- Freshwater expert awarded honorary academic title
- Professor recognised for work with Inverness Institute
- University hopes to develop freshwater research in region
A LEADING freshwater scientist has been recognised for his contribution to the University of the Highlands and Islands.
Philip Boon, an expert in rivers and lochs, has been made an honorary Professor by the institution.
Professor Boon, who is head of the Ecosystems and Biodiversity Unit at Scottish Natural Heritage in Edinburgh, was awarded the title for his extensive knowledge and experience and his work with the Rivers and Lochs Institute at Inverness College UHI.
He has sat on the Institute’s advisory committee since it was formed in July 2012.
Originally from Ewell in Surrey, Professor Boon has had a long career in freshwater science. After graduating with a PhD in freshwater ecology from the University of Newcastle upon Tyne in 1976, he held various positions in academia, including a research post at the Polytechnic of the South Bank in London and a lecturing role at the University of the West Indies in Jamaica.
He also founded the scientific journal, Aquatic Conservation: Marine and Freshwater Ecosystems (which he continues to edit) and has written and contributed to numerous academic papers and books.
Professor Boon moved into the public sector in 1987, heading up freshwater departments at the Nature Conservancy Council and Nature Conservancy Council for Scotland. He joined Scottish Natural Heritage when it was formed in 1992 and took up his current role in 2011.
Speaking about his award, Professor Boon said: “I am delighted to receive this honour from the University of the Highlands and Islands. The university is ideally situated to develop a programme of freshwater teaching and research in the region and I am looking forward to finding ways to contribute.”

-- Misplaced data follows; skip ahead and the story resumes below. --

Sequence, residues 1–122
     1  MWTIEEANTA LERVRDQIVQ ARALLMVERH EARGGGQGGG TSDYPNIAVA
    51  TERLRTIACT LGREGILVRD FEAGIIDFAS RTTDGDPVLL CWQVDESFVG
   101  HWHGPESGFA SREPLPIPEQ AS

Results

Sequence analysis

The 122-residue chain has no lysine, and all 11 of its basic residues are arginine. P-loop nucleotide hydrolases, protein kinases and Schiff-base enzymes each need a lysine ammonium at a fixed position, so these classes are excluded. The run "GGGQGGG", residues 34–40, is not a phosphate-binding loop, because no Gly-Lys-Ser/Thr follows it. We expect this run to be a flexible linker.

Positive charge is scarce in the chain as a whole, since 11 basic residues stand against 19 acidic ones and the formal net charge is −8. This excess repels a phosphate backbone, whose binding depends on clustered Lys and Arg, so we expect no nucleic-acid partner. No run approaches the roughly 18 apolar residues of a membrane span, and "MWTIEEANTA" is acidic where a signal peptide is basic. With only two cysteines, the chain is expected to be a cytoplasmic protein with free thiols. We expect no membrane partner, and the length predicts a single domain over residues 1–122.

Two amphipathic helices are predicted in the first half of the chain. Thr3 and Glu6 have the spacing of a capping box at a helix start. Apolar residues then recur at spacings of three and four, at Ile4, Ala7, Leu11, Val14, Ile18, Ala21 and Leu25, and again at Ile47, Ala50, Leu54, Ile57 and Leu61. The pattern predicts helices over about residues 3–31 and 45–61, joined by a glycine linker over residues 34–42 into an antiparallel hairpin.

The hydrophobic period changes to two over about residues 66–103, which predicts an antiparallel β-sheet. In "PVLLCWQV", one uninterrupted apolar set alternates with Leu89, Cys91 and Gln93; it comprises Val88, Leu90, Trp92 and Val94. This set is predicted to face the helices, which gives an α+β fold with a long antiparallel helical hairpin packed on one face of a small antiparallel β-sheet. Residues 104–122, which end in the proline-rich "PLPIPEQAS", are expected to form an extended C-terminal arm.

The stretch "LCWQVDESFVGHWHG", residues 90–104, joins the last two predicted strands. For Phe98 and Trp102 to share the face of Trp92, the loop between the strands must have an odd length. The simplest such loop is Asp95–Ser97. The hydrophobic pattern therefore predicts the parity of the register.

Dr Melanie Smith, head of research and postgraduate development at Inverness College UHI, nominated Professor Boon for the award.
She explained: “Professor Boon played a significant role in the development of the newly established Rivers and Lochs Institute and his position at Scottish Natural Heritage and depth of experience is extremely relevant to its aims and objectives.
“He is keen to foster the development of freshwater research in the Highlands and Islands and will no doubt continue to make an important contribution to the future of the Institute as well as the promotion of freshwater science in the university and region.”
University of the Highlands and Islands’ principal and vice-chancellor, James Fraser, commented: “This award is a fitting way to recognise Professor Boon’s expertise in and dedication to freshwater science as well as his work with the Rivers and Loch Institute.
“There are many water related opportunities for the university partnership so we are delighted to receive input from such a respected professional and hope we can develop further collaborations with him in future.”
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